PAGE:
Beyond Graduation: Stratification of Long-Term Socio-Economic Returns to Higher Education in Australia

Tuesday, 17 July 2018: 11:00
Oral Presentation
Wojtek TOMASZEWSKI, The University of Queensland, Australia
Francisco PERALES, University of Queensland, Australia
A wealth of international research shows that participation in Higher Education (HE), particularly at the advanced graduate level, has positive impacts on people’s socio-economic outcomes. The attainment of advanced tertiary-level educational qualifications is amongst the strongest predictors of subsequent success in the labour market, including the attainment of secure and continuous employment (OECD, 2006), high productivity and wage growth (Daly et al. 2015), and occupational standing (Hauser et al. 2000). There are also documented spill-over effects on other domains in life, such as psychical and mental health and wellbeing (Ross & Wu, 1995; Anstey & Christensen, 2000; Hill et al., 1998).

However, in the Australian context, concerns have recently been expressed about heterogeneous returns to HE, whereby graduates from more advantaged backgrounds reap more benefits from participation in HE than graduates from less advantaged backgrounds (Tomaszewski et al. 2017; Perales & Chesters, 2017). Despite these concerns, there is a dearth of research in Australia that specifically considers differences in long-term trajectories of graduates’ outcomes (recognising that the benefits of HE take time to accrue), and of studies that move beyond an exclusive focus on income (recognising that the benefits of HE are broader than its economic returns and, for example, include enhanced social and cultural capital, and improved wellbeing).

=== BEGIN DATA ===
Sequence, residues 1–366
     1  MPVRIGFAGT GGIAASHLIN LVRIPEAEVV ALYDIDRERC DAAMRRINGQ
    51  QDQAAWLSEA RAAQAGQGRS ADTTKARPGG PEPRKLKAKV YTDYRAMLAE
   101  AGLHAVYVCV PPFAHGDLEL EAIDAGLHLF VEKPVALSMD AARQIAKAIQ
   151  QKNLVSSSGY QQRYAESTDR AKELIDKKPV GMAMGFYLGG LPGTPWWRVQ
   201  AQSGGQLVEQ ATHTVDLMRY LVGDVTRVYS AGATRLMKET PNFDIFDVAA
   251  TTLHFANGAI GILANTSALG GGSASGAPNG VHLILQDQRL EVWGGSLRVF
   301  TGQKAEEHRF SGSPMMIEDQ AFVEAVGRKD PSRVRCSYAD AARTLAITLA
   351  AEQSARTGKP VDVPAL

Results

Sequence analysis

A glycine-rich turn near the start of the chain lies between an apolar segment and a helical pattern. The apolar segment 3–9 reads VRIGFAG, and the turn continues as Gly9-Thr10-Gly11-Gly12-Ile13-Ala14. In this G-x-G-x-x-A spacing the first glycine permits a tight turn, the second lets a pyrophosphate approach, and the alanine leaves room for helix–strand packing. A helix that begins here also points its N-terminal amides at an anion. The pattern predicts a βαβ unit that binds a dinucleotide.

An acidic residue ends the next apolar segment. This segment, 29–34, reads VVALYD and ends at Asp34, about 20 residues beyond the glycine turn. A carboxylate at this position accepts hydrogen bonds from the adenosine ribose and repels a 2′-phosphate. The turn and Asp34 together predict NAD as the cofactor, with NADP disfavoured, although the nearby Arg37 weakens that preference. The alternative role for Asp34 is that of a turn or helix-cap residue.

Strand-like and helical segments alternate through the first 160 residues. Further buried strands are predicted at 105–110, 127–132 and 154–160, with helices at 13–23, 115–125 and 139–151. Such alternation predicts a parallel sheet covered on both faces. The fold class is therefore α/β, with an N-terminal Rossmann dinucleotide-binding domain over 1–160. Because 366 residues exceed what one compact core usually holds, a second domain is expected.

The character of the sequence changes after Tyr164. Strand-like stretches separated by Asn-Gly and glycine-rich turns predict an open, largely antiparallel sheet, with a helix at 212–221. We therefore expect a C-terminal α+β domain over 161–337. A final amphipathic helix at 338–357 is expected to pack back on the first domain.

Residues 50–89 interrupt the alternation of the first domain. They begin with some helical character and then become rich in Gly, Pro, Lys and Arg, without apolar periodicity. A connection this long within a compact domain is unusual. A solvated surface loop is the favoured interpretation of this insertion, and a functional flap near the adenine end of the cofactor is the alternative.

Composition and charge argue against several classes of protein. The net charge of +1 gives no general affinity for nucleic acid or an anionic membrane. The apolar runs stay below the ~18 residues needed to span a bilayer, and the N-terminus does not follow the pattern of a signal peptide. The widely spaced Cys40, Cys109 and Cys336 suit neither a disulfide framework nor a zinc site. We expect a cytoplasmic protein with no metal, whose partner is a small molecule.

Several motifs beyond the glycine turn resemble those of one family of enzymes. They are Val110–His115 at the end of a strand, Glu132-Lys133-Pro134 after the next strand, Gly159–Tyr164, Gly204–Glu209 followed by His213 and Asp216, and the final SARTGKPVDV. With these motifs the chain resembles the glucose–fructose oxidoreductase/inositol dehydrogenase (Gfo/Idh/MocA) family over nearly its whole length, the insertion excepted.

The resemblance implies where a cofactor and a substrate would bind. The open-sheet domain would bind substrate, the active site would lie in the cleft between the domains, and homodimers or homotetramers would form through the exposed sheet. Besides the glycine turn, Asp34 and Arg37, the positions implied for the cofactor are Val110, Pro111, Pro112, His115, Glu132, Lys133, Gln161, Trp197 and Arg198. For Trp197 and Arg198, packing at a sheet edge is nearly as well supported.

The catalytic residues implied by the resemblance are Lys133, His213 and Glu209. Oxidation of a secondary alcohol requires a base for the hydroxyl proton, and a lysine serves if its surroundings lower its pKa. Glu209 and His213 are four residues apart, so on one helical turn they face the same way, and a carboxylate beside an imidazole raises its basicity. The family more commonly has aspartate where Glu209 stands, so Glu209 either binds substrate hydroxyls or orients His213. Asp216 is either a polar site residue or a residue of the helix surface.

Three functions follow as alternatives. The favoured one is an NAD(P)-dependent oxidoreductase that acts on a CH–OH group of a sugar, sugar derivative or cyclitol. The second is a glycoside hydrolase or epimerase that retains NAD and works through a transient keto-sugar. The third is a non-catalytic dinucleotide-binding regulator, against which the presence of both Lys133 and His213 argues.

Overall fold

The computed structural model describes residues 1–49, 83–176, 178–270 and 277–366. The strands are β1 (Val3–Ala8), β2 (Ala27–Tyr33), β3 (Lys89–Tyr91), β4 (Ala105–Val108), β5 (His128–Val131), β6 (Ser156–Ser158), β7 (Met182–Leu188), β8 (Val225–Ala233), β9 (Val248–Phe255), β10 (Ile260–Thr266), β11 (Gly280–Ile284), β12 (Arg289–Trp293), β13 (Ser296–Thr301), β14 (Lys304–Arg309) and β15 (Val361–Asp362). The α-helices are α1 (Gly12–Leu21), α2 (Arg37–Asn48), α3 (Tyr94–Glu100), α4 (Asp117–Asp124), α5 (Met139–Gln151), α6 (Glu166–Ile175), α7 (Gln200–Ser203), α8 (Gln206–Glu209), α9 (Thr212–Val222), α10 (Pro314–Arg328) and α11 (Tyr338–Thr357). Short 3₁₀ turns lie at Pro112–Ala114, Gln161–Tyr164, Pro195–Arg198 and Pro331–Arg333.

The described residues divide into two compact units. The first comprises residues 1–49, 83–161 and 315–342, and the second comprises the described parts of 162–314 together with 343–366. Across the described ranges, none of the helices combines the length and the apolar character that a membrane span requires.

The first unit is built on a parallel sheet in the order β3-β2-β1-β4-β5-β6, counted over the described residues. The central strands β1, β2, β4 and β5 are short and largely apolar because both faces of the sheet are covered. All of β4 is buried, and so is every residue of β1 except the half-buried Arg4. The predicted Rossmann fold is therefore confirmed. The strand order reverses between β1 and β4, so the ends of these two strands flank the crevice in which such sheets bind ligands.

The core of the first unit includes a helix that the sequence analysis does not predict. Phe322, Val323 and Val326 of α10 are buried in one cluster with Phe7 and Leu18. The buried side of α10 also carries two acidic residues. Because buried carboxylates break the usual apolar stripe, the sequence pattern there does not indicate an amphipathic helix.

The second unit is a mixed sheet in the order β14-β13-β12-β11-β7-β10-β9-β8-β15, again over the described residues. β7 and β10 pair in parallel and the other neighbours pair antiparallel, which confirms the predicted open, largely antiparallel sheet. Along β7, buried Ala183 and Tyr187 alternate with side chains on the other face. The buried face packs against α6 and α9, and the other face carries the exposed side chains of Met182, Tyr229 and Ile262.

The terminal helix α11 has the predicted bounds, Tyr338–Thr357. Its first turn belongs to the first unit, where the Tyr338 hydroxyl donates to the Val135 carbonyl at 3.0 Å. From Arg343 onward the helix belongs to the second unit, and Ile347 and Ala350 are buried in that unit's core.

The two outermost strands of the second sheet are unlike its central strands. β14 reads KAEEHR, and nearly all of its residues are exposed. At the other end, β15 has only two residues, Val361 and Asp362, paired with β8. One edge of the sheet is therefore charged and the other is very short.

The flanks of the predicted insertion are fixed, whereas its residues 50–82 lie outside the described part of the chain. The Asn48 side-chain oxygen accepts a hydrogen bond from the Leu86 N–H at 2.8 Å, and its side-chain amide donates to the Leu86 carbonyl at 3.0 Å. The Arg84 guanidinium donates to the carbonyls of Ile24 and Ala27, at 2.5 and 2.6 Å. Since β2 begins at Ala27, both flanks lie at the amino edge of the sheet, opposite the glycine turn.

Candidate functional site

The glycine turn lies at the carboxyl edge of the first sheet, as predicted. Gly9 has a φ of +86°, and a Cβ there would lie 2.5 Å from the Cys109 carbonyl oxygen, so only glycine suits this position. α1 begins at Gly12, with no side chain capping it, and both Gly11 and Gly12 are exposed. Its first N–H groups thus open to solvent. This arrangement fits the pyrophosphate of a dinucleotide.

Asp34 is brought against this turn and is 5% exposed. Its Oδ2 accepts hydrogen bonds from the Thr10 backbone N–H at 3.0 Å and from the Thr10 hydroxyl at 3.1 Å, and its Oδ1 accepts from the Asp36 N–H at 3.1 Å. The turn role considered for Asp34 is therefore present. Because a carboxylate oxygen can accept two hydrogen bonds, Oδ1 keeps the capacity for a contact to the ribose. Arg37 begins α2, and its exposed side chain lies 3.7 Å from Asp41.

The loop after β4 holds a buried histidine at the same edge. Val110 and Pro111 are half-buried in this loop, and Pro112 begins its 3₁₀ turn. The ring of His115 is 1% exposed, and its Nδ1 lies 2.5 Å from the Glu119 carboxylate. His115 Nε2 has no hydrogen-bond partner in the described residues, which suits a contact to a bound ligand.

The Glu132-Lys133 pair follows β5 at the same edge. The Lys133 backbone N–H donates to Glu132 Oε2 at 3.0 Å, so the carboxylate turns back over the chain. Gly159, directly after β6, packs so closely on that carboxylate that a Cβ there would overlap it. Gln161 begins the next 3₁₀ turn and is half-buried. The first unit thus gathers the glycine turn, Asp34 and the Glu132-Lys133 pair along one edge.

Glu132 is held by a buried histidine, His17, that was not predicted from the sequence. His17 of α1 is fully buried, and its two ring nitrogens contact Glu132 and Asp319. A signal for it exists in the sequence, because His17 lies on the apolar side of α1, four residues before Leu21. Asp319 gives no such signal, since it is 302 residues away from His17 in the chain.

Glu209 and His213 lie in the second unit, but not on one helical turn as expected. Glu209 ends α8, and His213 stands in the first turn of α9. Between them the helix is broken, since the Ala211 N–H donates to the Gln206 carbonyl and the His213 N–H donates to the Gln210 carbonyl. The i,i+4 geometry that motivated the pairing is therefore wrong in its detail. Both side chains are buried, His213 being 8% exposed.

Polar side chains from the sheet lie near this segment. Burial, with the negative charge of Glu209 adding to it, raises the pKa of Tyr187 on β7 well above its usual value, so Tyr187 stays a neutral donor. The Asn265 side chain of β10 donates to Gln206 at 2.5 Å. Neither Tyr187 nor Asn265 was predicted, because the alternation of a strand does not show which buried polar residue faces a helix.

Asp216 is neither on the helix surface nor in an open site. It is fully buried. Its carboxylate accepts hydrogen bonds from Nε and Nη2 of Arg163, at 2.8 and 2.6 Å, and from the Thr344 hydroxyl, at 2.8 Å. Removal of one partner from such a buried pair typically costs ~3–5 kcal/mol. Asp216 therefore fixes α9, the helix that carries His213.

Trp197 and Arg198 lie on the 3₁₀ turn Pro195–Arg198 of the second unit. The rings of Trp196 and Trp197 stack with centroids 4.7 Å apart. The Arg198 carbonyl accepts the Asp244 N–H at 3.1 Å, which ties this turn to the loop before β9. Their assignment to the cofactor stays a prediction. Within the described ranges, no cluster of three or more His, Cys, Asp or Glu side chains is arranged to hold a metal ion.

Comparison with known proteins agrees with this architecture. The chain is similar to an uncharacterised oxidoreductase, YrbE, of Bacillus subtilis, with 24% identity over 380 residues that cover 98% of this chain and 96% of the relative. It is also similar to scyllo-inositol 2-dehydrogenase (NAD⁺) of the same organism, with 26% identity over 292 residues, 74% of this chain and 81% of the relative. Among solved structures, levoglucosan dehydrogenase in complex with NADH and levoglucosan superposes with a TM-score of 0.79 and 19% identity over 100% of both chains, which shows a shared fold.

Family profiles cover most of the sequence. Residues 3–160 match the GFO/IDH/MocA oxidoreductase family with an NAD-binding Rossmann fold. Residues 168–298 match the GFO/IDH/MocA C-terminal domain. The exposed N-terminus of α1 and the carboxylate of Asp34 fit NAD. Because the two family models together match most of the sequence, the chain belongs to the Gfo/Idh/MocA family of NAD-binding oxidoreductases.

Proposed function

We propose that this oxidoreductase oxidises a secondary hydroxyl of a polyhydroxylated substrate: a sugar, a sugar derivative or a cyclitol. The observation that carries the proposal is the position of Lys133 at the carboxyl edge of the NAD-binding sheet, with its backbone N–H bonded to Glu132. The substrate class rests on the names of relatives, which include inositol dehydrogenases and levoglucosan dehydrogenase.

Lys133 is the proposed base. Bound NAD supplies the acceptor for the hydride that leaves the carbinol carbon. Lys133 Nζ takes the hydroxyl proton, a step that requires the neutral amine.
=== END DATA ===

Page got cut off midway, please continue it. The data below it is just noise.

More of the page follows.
This paper seeks to address this gap in knowledge by investigating post-graduate outcome trajectories of students from advantaged and disadvantaged backgrounds. The research employs statistical analysis of high-quality, large-scale data from the Australian Government Census of Population and Housing (the Census) and the Household, Income and Labour Dynamics in Australia (HILDA) Survey to investigate the stratification of post-graduate outcomes of advantaged and disadvantaged students over the short, medium, and long run, and across a number of domains (labour market, social capital, wellbeing), discussing concrete implications for research and policy.